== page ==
BBB National Programs Archive
CARU Recommends National Geographic Kids Clearly Label Advertising To Avoid Blurring Ad, Editorial Content
New York, NY – Sept. 21, 2010 – The Children’s Advertising Review Unit (CARU) of the Council of Better Business Bureaus, Inc., has recommended that the National Geographic Society, publisher of National Geographic Kids, clearly label advertising in the children’s magazine to avoid blurring editorial and advertising content. NGS has greed to do so.
Print advertising for “The Ranger’s Apprentice” book series, which appeared in the May 2010 issue of National Geographic Kids, came to the attention of CARU, the children’s advertising industry’s self-regulatory forum, through CARU’s ongoing monitoring of advertising directed to children.
“The Ranger’s Apprentice” is a series of adventure novels and the advertising – placed on the upper half of a right-side page – featured three book covers and a picture of one of the series’ characters. The advertisement had a dark background with gold and white text and blue highlighting throughout.
On the left-side page was an editorial feature entitled, “Bet You Didn’t Know: 10 Earthshaking Facts About Our World.” The feature, which jumped to the right-side page, beneath the advertising at issue, contained a number of random facts on various topics about the world including science, geography and history. The editorial feature had a dark background with blue, white and gold lettering.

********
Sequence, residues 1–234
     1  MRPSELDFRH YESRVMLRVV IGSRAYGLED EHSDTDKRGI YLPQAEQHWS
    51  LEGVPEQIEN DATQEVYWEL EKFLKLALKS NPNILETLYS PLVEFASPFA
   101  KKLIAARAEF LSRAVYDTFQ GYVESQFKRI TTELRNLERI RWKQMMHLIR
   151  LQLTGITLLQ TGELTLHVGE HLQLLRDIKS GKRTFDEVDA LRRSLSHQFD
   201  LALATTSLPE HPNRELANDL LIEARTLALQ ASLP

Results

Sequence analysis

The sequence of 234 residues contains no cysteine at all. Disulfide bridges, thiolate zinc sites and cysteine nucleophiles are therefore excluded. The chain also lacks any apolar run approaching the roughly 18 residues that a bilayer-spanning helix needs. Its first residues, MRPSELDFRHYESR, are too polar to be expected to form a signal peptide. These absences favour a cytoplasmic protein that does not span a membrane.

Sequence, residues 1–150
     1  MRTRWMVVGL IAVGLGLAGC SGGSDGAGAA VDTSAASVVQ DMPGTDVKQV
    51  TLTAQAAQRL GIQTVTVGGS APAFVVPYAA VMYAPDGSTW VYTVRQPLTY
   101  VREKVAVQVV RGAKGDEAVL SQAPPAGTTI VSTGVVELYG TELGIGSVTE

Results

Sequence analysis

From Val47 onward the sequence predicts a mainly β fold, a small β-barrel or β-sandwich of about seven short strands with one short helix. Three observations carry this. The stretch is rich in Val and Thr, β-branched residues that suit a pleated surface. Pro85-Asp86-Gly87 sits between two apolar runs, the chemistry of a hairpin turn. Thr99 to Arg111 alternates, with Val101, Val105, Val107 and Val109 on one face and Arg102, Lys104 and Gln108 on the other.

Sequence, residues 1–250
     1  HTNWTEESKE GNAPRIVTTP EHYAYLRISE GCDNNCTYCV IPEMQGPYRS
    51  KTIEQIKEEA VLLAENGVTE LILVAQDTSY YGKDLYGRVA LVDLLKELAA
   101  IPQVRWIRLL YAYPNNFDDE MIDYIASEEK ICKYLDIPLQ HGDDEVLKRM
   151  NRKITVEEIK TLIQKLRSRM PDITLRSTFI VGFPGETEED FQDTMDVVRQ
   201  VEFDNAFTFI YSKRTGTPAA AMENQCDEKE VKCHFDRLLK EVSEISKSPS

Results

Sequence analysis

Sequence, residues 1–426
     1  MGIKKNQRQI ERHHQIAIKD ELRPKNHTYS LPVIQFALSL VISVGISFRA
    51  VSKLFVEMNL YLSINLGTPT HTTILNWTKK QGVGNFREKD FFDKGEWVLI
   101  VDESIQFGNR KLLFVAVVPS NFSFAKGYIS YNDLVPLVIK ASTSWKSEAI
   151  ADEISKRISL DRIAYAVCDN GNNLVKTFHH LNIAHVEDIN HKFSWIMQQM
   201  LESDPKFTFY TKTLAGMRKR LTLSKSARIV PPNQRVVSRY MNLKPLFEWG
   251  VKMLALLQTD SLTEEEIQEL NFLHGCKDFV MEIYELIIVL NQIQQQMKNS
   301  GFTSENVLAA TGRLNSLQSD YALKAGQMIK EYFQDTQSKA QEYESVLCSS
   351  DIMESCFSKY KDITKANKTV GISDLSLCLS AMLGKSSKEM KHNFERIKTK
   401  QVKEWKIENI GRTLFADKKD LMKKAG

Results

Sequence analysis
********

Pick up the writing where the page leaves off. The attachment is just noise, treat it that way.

CARU was concerned that children would have difficulty distinguishing between the editorial feature and the advertisement for the book series.
To determine whether blurring has occurred, CARU typically looks at the net impression of an advertisement as a whole. In this case, CARU also had to look at the advertisement in relation to the adjoining editorial feature. After reviewing the advertisement in this context, CARU determined that one reasonable take away message was that some of the “facts” in the feature were related in some way to the content in the books and part of the same article.
Following its review, CARU recommended that the magazine implement a prominent disclosure to delineate advertising content from editorial content, which the publisher has agreed to do.
National Geographic Society, publisher of National Geographic Kids magazine, said in its advertiser’s statement that it has “instituted a policy of including the slug line ‘Advertising’ at the top of any fractional advertising that appears in the Magazine, regardless of the content or color.”